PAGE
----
10 October 2013 by Alice Bonasio
events 2  Technology and Research Mendeley Masterclass

©Tom Atkinson 2013

Last month we saw another edition of the global extravaganza that is Social Media Week. This time around there were over 1000 events and 25,000 attendees in 8 cities around the globe. The theme for this year was “Open & Connected” which is pretty much a perfect fit for the Mendeley philosophy. So we thought it would be great to host an event in the London SMW Hub about how technology is changing the way we conduct and fund research, how researchers interact, discover content and share their findings, as well as how the non-academic public can get involved and make a real different through citizen science initiatives.

Our Masterclass was streamed live and proved to be one of the most popular events of the week, with hundreds of people tuning in and sending their own questions.

Mendeley Co-founder and President Jan Reichelt kicked off the series of lightning presentations by explaining how Mendeley can help researchers organise their papers, but also how it went far beyond that. “Research is an inherently social activity, and Mendeley is an environment starting with productivity going over into collaboration, and that also crucially captures the social context going on around that research.”

Rachel Greene from JoVE challenged researchers to “stop reading and start watching,” explaining how the majority of the time scientists failed to accurately replicate the findings of key studies. She believes that technologies such as the one used in their peer-reviewed Journal of Visualized Experiments are much more suited for that purpose than traditional print, and can therefore dramatically increase reproducibility and the pace of scientific discovery.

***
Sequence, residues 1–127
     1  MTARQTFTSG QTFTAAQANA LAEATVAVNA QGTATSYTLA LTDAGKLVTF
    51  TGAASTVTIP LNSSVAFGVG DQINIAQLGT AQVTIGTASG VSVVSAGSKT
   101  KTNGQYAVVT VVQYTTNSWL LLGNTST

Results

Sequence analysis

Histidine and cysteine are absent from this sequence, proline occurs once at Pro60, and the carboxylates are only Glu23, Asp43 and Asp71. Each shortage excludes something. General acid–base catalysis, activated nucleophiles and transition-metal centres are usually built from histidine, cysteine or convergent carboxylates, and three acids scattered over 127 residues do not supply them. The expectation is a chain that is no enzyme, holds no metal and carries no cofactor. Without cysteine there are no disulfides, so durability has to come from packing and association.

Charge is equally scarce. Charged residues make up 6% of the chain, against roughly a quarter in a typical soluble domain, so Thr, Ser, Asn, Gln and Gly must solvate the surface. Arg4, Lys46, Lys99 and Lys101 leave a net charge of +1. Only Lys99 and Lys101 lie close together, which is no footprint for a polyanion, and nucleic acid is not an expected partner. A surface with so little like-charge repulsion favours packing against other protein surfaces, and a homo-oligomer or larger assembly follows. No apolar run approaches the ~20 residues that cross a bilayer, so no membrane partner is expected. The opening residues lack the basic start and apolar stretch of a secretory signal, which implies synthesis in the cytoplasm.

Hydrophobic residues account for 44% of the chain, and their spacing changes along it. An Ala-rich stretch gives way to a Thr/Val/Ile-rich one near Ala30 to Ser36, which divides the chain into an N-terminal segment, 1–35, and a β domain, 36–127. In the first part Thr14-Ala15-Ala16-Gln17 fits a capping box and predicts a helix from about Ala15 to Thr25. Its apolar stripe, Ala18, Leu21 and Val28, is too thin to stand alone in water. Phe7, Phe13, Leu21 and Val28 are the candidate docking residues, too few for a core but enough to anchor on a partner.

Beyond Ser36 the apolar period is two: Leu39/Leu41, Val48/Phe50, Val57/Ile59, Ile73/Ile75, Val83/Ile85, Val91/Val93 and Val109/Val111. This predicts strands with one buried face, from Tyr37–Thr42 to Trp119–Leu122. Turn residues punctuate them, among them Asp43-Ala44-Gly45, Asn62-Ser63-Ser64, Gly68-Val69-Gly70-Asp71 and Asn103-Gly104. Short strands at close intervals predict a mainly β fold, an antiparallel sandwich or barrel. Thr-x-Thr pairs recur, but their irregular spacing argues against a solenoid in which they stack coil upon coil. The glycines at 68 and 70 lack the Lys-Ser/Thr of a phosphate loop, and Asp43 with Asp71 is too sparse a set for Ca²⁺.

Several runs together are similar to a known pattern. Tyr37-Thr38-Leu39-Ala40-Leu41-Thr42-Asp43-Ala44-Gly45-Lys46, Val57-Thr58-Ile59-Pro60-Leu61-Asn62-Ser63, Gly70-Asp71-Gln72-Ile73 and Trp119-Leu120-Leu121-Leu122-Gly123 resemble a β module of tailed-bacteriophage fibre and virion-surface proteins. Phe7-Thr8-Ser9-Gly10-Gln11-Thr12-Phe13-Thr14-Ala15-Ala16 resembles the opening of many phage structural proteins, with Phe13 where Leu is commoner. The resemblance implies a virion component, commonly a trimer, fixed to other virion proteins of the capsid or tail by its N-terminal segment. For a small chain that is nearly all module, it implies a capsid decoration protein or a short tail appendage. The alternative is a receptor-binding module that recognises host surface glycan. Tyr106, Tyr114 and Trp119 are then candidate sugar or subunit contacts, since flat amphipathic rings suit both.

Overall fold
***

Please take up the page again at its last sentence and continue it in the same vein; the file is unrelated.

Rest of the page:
“In the past everything was recorded on paper, but current science is very digital,” says IJsbrand Jan Aalbersberg from Elsevier’s Article of the Future project, which aims to improve scientific communication in all its rich facets. “All the records are digital, all the capturing of scientific data is digital, and the communication of that information of course is also digital. However the traditional publishers have not yet adapted to that, what they usually do is flatten the multidimensional, rich research that an author has created into a two-dimensional paper of text and images.” He gave insight into some tantalizing possibilities, including the ability to run variations of some experiments – in computer science for example – within the parameters of the article itself, making it a living, evolving piece of collaborative research.

Nicolai Humphreys from The Lancet told of how the meaning of the journal’s name came from the fact that “A lancet can be an arched window to let light in and can also be a sharp surgical instrument to cut out the dross” and upon founding the journal in 1823 Thomas Wakley stated his intention that the publication should serve both those functions. Fast-forward nearly 200 years and Nicolai is part of the team that is using technology to cut out the dross and make academic publishing more dynamic and cutting edge.